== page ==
The Middle Prince
by Dean Francis Alfar
part 1 of 2
IT IS BELIEVED that the heirless Sultan of Sulu, when he dreamt that his end was near, expressed an old man’s wish to have a son and see him grow. The Sultana, who was as barren as an empty mirror frame and wracked with guilt, called on anyone who could help make her dying husband’s desire come true.
She had done this before, several times in fact, summoning every holy man and imam, all the doctors and chirurgeons, storytellers and wisewomen, admirals and tailors, weavers and hermits, merchants and owners of nightingales, as well as, later, all manner of bakers, soldiers, traders, vagabonds, janissaries, scalawags, popinjays, and inventors of fabulous lifelike toys from within and without the Sultanate, across the Sea of Sulu to islands nearby and far — all to no avail.
This time she made certain to invite the invisible powers of the welkin above, the secret warders of the groves, the spirits of the weave, the intelligences of words and oaths, the weeping dugong of Coron Island, the dwarves of the scattered mounds, as well as any free-willed jin, ifrit, lamia, sirocco, tiq’barang and elemental of Hinirang who could conceivably help.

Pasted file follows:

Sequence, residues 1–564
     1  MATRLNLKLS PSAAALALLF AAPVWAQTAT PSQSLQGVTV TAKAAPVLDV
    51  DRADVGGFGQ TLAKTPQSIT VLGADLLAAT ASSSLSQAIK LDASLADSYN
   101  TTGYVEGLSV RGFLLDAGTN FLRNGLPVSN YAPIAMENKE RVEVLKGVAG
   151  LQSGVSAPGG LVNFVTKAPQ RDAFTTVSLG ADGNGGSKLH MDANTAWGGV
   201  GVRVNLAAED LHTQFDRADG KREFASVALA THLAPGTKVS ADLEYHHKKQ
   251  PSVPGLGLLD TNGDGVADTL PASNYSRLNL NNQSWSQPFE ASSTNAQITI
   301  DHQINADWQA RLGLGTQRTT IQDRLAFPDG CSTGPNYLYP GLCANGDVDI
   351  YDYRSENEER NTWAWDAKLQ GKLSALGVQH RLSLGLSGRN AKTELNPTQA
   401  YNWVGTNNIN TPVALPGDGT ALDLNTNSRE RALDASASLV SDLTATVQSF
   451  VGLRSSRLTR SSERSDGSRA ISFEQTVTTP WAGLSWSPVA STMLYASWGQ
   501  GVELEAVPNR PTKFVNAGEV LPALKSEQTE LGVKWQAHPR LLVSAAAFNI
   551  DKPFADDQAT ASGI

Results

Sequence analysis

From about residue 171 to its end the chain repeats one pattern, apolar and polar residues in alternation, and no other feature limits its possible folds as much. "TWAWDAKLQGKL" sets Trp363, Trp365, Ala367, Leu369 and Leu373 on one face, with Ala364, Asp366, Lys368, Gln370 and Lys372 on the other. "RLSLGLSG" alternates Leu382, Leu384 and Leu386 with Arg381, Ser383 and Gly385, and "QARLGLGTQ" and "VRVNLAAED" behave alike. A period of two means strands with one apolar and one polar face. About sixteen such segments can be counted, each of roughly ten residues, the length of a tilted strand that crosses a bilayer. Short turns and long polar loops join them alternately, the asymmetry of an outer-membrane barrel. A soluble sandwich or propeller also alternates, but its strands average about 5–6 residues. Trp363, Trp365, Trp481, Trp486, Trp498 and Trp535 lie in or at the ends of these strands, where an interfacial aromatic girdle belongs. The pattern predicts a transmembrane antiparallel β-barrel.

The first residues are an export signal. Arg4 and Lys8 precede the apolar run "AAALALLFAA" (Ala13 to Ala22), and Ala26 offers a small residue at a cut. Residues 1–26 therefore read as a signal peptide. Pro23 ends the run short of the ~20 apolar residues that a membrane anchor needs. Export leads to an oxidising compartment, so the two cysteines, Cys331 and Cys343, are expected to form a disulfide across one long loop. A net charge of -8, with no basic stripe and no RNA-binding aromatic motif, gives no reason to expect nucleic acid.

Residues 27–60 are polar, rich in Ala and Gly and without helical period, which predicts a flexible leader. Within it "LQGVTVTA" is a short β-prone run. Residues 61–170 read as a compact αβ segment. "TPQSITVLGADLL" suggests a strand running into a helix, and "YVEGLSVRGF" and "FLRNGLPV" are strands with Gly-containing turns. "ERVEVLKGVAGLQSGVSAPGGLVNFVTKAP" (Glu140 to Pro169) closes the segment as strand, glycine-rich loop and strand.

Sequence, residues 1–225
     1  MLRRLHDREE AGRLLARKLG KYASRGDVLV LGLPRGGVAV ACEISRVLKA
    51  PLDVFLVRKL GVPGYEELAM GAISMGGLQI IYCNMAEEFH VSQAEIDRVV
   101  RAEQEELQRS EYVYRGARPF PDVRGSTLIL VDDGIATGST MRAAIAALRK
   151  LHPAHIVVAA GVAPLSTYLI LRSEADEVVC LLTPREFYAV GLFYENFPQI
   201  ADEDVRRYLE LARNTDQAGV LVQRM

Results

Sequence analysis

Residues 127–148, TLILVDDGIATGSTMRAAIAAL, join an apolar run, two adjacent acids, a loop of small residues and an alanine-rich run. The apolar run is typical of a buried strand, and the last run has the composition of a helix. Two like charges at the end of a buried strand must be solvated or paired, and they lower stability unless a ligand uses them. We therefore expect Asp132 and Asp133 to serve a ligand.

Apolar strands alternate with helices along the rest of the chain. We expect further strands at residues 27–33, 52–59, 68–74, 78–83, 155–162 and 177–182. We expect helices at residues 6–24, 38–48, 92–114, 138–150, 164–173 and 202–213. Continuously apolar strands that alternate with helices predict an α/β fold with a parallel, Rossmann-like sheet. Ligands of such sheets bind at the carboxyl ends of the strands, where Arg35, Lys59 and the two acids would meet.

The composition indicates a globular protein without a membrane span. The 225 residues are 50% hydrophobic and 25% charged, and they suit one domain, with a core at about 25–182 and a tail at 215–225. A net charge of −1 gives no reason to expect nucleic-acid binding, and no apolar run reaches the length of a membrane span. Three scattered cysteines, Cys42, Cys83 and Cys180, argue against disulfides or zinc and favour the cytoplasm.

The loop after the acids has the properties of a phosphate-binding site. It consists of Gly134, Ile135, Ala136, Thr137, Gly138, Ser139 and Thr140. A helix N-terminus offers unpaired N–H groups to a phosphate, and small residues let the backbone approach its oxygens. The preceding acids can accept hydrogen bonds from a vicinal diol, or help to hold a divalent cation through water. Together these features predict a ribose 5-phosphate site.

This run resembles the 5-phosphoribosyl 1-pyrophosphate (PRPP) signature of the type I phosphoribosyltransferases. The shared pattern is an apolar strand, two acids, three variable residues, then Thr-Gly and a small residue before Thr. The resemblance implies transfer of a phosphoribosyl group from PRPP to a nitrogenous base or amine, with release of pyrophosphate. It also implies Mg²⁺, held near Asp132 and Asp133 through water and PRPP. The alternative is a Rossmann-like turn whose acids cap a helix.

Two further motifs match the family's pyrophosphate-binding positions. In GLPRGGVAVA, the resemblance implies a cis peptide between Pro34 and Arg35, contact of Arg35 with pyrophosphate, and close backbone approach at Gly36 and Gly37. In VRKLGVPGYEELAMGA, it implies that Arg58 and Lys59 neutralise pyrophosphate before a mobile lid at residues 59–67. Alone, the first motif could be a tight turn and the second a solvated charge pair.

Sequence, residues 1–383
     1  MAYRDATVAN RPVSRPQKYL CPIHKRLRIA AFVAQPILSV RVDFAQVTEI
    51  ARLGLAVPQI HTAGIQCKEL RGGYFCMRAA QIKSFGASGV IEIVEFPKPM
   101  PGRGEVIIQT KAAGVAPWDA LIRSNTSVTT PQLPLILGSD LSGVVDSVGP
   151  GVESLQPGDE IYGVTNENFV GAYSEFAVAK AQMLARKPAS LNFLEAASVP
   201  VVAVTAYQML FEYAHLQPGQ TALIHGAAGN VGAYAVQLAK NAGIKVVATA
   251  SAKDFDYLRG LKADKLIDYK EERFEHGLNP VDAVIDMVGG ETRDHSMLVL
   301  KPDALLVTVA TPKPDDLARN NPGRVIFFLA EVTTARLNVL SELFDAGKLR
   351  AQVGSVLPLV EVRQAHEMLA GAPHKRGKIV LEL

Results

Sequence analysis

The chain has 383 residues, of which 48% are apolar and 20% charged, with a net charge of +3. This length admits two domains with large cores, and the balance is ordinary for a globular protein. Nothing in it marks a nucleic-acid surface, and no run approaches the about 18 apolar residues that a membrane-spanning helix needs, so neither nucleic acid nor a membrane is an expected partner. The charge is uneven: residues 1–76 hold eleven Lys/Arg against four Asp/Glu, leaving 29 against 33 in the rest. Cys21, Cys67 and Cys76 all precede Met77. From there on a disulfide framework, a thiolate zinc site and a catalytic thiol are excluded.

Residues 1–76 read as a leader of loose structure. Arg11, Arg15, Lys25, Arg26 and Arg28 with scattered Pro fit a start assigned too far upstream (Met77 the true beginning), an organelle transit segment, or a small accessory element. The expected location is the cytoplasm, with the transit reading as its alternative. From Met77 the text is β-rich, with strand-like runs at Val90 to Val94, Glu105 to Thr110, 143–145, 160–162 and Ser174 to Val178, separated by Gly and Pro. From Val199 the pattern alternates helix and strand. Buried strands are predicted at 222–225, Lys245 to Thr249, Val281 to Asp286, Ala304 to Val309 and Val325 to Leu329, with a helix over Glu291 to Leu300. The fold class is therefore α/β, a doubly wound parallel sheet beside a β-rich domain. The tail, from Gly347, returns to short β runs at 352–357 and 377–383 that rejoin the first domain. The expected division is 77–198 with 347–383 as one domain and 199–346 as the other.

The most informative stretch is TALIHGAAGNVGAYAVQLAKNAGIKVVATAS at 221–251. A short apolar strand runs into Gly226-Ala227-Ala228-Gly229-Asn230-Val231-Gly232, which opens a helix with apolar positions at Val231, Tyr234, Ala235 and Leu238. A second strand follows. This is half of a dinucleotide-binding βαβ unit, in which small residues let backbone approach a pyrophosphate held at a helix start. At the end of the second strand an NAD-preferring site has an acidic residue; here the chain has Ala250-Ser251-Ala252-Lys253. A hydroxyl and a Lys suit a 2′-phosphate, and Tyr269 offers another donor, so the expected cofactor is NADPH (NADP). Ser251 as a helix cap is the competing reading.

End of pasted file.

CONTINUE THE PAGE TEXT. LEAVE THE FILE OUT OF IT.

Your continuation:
She did this in a variety of ways: by blindfolded courier pigeon; with golden anklets attached to newborn salamanders; with engraved notes wrapped in silk of glorious colors encased in polished lacquer boxes buried near graveyards at midnight; with clever vials whose liquid sediment spelled out the entreaty when shaken; by burning vetiver-infused flax in freshly-turned fields; with gargantuan rocks that formed letters in barren sands; by pleading in the ears of the deaf; and by forcing scorpions with minutely inscribed messages on their carapaces into empty bottles before these were corked and hurled into the sea.